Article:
Avoidable hospital readmissions

Reducing avoidable hospital readmissions supports better health outcomes, improves patient safety and leads to greater efficiency in the health system.

Definition of 'hospital readmission'

A hospital readmission occurs when a patient has been discharged from hospital and is admitted again within a certain time interval.

Generally, hospital readmissions can be considered in two broad categories:

  • Readmissions that relate to routine care, for example those that relate to necessary treatments such as chemotherapy or dialysis, and are required to ensure safe clinical care.
  • Readmissions that are potentially avoidable.

Reducing avoidable hospital readmissions supports better health outcomes, improves patient safety and leads to greater efficiency in the health system.

Definition of 'avoidable hospital readmissions'

The Commission was tasked with developing a list of avoidable hospital readmissions to inform safety and quality reforms in Australia. In progressing this work, the Commission adopted the following working definition of ‘avoidable hospital readmissions’.

An avoidable hospital readmission occurs when a patient who has been discharged from hospital (index admission) is admitted again within a certain time interval, and the readmission:

  • Is clinically related to the index admission, and
  • Has the potential to be avoided through improved clinical management and/or appropriate discharge planning in the index admission.

During 2019, the Commission held a roundtable to provide advice towards establishing a nationally consistent definition. The roundtable comprised of jurisdictional representatives, technical experts and clinical experts from the public and private sectors. The final recommendation of this will be taken to AHMAC in late 2019 for formal endorsement.

List of conditions considered to be avoidable hospital readmissions

The following is the list of conditions considered to be avoidable hospital readmissions and associated condition-specific time intervals. The list was developed by the Commission and has been agreed by the Australian Health Ministers’ Advisory Council.

Readmission complication Readmission diagnosis Interval (days)
Pressure injury Stage III ulcer 14
  Stage IV ulcer 7
  Unspecified decubitus and pressure area 14
Infections Urinary tract infection 7
  Surgical site infection 30
  Pneumonia 7
  Blood stream infection 2
  Central line and peripheral line associated blood stream infection 2
  Multi-resistant organism 2
  Infection associated with devices, implants and grafts 90
  Infection associated with devices, implants and grafts in genital tract or urinary system 30
  Infection associated with peritoneal dialysis catheter 2
  Gastrointestinal infections 28
Surgical complications Postoperative haemorrhage/haematoma 28
  Surgical wound dehiscence 28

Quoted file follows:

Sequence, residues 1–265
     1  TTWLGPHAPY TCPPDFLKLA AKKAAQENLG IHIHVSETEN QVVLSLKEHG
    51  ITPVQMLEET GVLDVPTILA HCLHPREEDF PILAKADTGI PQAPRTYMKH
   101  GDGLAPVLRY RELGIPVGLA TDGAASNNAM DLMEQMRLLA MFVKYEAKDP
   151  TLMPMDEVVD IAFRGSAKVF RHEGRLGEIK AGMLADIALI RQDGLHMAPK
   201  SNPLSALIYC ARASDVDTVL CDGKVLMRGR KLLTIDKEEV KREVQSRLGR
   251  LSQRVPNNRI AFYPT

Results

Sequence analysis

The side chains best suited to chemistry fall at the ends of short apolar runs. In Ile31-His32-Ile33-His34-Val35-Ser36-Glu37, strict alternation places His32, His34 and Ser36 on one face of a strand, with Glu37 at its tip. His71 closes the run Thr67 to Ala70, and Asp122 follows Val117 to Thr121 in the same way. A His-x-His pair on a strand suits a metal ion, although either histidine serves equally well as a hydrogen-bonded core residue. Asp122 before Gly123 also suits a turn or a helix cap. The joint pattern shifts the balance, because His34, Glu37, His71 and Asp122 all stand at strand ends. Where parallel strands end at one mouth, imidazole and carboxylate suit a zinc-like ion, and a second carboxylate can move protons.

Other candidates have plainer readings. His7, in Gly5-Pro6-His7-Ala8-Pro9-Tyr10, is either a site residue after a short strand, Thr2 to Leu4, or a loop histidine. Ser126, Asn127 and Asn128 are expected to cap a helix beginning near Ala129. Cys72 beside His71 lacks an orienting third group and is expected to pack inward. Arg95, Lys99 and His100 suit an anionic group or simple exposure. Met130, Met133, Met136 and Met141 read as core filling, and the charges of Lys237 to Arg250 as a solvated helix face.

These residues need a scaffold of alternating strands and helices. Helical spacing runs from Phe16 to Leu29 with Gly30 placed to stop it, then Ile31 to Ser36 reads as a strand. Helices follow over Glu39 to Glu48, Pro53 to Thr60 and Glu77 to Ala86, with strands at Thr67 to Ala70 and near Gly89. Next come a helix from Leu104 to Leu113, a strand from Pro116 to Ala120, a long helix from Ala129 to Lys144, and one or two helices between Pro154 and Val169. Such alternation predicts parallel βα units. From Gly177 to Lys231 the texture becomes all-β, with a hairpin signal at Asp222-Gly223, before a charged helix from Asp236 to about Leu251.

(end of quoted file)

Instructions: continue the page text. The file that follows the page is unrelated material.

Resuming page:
Anastomotic leak 28
  Cardiac vascular graft failure 28
  Pain following surgery 14
  Other surgical complications 28
Respiratory complications Respiratory failure including acute respiratory distress syndromes 21
  Aspiration pneumonia 14
Venous thromboembolism Venous thromboembolism 90
Renal failure Renal failure 21
Gastrointestinal bleeding Gastrointestinal bleeding 2
Medication complications Drug-related respiratory complications/depression 2
  Hypoglycaemia 4
Delirium Delirium 10
Cardiac complications Heart failure and pulmonary oedema 30
  Ventricular arrhythmias and cardiac arrest 30
  Atrial tachycardia 14
  Acute coronary syndrome including unstable angina, STEMI and NSTEMI 30
Other Constipation 14
  Nausea and vomiting 7

The Commission worked with the Independent Hospital Pricing Authority to finalise specifications for the list.

The Commission has also developed and maintains, four condition specific unplanned readmission indicators, as part of the Core Hospital-based Outcome Indicators (CHBOI) toolkit.

The National Health Reform Agreement Addendum reforms

All Australian governments have committed to reforms under the National Health Reform Agreement Addendum, which include a focus on avoidable hospital readmissions. These reforms aim to integrate safety and quality into the pricing and funding of Australian public hospitals in a way that:

  • Improves patient outcomes
  • Provides an incentive in the system to provide the right care, in the right place, at the right time
  • Decreases avoidable demand for public hospital services
  • Signals to the health system the need to reduce instances of preventable poor quality patient care, while supporting improvements in data quality and information available to inform clinicians’ practice.

The reforms focus on reducing avoidable hospital readmissions as well as sentinel events and hospital-acquired complications.

Development of the avoidable hospital readmissions list

At the request of the Australian Health Ministers’ Advisory Council, and in line with the National Health Reform Agreement Addendum, the Commission developed the list of conditions considered to be avoidable hospital readmissions.

This list of conditions, and the related condition-specific time intervals, was developed in consultation with clinical and consumer experts, taking into consideration:

  • Literature on avoidable hospital readmissions
  • Australian public hospital data, through analysis of the admitted patient care national minimum data set.

Next steps

The Independent Hospital Pricing Authority will be canvassing options for pricing and funding for avoidable readmissions over 24 months, starting from 1 July 2019. The options are outlined in the Independent Hospital Pricing Authority's Pricing Framework for Australian Public Hospital Services 2019-20.